net present value and mercury

Jide Wintoki From: Richard Smith, Scott Mitchell, Zack Gregory Re: Mercury Athletic Acquisition Based on our analysis of Mr. Liedtke’s base case projections for a potential acquisition of Mercury Athletic, we have concluded that this is a positive net present value project, and that AGI should proceed with the acquisition. Under Mr. Liedtke’s operating assumptions, we calculate the value of Mercury’s discounted cash flows to be $624. 446 million, and the acquisition price to be $156. 43 million, yielding a net present value of $467,804 for AGI. Our calculations indicate that this project becomes even more attractive financially when potential favorable synergies between AGI and Mercury are taken into account. A real options valuation (details below) involving inventory management and the women’s casual line indicates that an additional $22. 365 million of value would be created by the successful implementation of fairly simple operating synergies in those two areas alone.

Considering that far more possible synergies and savings are a possibility for AGI and Mercury post-acquisition, we believe this acquisition would be an appropriate strategic move for AGI to improve its own performance and to compete on a more level playing field with the larger companies in the industry. Methodology/Supporting Assumptions To estimate the price of acquiring Mercury, we averaged the P/E multiples of comparable companies in the industry and applied that multiple to Mercury’s 2006 net income to arrive at a likely purchase price.

P/E was used because we believe it is the most accurate reflection of the market’s view of Mercury’s recent performance and value. Kinsley Coulter and Templeton Athletic were used as the two comparable companies because, along with AGI and Mercury, they are the only other companies in the industry with annual revenue of less than $1 billion (Marina Wilderness also has revenue less than $1 billion, but because it is the fastest- growing company in the industry it commands a multiple dramatically different from what Mercury could expect, therefore we excluded it).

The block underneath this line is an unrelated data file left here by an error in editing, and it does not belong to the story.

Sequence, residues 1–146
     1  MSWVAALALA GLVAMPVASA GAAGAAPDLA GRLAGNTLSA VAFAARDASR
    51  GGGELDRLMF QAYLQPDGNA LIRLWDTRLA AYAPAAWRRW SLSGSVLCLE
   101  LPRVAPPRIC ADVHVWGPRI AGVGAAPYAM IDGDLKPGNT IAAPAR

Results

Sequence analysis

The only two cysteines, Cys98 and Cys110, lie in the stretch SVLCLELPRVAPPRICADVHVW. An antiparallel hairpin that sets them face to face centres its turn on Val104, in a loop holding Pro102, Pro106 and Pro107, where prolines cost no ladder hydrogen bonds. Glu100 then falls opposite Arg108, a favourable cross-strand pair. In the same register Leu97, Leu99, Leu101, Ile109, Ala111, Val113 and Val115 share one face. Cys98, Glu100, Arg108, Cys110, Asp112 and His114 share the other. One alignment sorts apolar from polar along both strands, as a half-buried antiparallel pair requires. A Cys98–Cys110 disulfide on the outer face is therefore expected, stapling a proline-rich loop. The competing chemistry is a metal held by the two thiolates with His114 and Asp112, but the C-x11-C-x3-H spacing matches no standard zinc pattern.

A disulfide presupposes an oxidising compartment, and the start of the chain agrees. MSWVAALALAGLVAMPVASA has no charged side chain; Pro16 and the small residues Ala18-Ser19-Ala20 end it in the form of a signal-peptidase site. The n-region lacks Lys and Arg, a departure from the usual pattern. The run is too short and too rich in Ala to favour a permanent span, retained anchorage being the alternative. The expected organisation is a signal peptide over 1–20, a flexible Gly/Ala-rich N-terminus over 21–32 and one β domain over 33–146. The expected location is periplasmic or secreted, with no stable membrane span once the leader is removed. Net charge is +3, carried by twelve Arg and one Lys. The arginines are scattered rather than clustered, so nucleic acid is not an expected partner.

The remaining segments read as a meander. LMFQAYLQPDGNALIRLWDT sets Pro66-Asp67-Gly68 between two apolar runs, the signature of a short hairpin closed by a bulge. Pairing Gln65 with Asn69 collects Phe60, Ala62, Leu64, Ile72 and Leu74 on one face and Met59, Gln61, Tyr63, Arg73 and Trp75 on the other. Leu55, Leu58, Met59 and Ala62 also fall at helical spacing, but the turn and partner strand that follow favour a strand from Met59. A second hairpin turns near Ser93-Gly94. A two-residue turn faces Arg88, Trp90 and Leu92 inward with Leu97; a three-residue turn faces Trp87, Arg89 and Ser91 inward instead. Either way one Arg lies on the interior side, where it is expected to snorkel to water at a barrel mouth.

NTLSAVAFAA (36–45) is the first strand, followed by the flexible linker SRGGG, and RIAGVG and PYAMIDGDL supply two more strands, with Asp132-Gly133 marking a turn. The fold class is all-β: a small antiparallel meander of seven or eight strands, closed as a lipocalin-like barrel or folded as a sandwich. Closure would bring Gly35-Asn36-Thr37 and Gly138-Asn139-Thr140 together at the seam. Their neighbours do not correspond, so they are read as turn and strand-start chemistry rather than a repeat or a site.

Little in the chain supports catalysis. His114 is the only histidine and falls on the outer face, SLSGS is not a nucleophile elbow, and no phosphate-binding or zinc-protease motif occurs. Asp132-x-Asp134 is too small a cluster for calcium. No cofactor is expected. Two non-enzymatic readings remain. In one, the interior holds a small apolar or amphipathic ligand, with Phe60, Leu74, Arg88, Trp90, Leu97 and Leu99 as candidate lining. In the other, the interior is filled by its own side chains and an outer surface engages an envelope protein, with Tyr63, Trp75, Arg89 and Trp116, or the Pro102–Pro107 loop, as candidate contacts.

To discount the cash flows, we first had to estimate Mercury’s WACC. We did this by calculating the average asset beta for companies in this industry, and then applied it to Mercury’s assumed leverage ratio to find the cost of equity. Combining that information with the cost of debt and tax rate assumptions provided by Mr. Liedtke, we arrived at a WACC of 10. 9%. To calculate the terminal value of the project, we assumed a growth rate roughly equal to historical inflation in the U. S. , which is 3%.

Though Mr. Liedtke’s projections have Mercury’s cash flows growing much more rapidly (8. 5%) in the near term, we didn’t believe that figure was sustainable in the long run, and thus used that more conservative inflation figure. Valuation of Potential Synergies To analyze the potential value that would be added by cooperation between AGI and Mercury, we conducted a real options valuation involving some of the operating synergies that Mr. Liedtke thought could be realized post-acquisition.

The two scenarios we analyzed were: Optimistic Scenario – All synergy benefits realized (50% probability): Mercury women’s casual line turns around; 3% revenue growth, 9% EBIT Adoption of AGI inventory system reduces Mercury’s DSI to margin Discounted present value under this scenario: $685. 479 million Pessimistic Scenario – No synergy benefits realized (50% probability): Women’s casual line maintained, but continues losing money (-2. 3% Adoption of AGI inventory system has no effect onEBIT) indefinitely Discounted present value under thisMercury’s inventory levels scenario: $608. 43 million Sensitivity Analysis A sensitivity analysis of our results indicates that this project would remain a positive NPV project for AGI, even given dramatically different assumptions regarding Mercury’s debt level and future revenue growth. Even using 100% debt or 0% debt in its capital structure, Mercury’s NPV would remain positive. Additionally, discounted cash flows over the first five years (2007- 2011) are sufficient to cover our estimated purchase price, so changes in our terminal value revenue growth figure make no difference in whether this is a positive- or negative-NPV project.